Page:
Rushfield: A Tortured Business of Flops
An open letter to Wall Street on the irrational model of Hollywood
Another week of earnings reports and another season of hair-on-fire reactions. Every time the new numbers come out, the mood on this or that company swings from “They’ll rule to world!” to “They are doomed!” with little space in between, and little reflection of the complicated reality of building a business based on entertainment.
Will the Zaslav plan work or is Netflix on the right track? That depends a lot on how things they are putting into production today emerge at the other end of the pipeline two to five years from now. And not too much about this quarter’s report will give you insight into that.
These streaming-age conversations about the quarterly earnings tend to treat entertainment companies like giant utilities, where entertainment flows through the pipes but is not of much importance itself.
Would that it were that simple, but in our hearts we know it’s not. (In our guts, we know it’s nuts, to paraphrase a political zinger from long ago.)
Specifically, we're becoming accustomed to judging the success or failure of our great entertainment companies solely through the prism of CNBC. The quarterly earnings report has become a Hollywood set piece bigger than the rollout of any star-studded film spectacle.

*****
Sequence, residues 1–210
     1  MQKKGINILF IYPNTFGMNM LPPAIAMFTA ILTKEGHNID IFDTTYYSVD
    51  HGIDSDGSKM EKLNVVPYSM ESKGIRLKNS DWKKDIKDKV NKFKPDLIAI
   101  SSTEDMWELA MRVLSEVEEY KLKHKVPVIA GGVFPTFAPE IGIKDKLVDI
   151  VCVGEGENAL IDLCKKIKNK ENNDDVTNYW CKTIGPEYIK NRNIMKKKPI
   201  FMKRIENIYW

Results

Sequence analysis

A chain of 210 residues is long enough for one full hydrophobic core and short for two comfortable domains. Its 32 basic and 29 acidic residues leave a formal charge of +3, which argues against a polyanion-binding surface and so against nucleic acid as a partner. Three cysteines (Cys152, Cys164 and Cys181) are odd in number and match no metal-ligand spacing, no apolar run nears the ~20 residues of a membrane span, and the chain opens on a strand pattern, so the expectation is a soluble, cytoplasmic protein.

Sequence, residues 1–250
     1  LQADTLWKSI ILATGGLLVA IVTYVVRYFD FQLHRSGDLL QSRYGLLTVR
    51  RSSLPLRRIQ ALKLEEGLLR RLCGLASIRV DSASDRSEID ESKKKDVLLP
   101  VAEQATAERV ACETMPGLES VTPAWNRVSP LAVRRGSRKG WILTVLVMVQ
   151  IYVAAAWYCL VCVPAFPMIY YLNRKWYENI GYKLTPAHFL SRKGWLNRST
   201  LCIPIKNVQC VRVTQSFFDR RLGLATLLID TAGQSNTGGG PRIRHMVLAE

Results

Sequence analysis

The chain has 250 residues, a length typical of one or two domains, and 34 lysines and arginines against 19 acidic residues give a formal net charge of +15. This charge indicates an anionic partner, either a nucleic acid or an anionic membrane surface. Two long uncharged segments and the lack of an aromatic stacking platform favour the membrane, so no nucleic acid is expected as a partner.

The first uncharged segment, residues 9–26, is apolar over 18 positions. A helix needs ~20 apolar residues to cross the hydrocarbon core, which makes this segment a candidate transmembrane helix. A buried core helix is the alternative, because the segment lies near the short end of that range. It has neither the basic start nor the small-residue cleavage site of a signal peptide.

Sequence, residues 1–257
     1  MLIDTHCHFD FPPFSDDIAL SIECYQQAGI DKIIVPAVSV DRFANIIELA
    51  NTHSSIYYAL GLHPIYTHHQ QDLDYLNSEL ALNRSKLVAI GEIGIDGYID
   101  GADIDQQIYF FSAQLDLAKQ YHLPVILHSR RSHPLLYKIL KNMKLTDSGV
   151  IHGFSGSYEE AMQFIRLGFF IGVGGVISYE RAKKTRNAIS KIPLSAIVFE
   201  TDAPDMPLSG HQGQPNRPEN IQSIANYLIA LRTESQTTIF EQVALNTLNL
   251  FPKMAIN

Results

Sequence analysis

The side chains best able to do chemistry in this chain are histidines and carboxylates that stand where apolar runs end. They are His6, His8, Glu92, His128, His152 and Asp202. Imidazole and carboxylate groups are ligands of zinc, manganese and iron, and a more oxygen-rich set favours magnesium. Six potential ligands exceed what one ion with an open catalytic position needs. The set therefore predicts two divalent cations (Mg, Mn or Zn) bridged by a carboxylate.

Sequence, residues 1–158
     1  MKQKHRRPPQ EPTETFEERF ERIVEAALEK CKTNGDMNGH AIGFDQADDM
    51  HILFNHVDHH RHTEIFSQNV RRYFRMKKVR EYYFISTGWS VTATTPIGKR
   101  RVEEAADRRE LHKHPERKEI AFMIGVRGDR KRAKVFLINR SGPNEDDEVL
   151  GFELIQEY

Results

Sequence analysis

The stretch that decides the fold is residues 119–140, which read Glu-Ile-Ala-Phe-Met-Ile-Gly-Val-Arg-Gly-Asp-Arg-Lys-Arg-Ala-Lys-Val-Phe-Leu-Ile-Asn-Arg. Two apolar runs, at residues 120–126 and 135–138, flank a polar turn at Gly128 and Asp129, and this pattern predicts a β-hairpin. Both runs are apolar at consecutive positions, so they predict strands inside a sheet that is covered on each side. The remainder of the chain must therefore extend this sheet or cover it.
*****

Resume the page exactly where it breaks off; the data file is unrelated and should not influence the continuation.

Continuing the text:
Like the way of every other company on Earth — financialization has come to Hollywood by way of the tech world.
And we've become accustomed to seeing this as normal and no longer are squirming at how strange the fit is, seeing entertainment companies present themselves like they are… Xerox or something. And people’s lives, careers and creativity are now all at the whim of a stock price.
A Terrible Investment
But it's not normal, and it's not the clear-headed, hard-nosed thinking that it pretends to be. Because any attempt to value an entertainment-based company on the same investment standards as other companies will sooner or later come to one conclusion: entertainment is a terrible investment.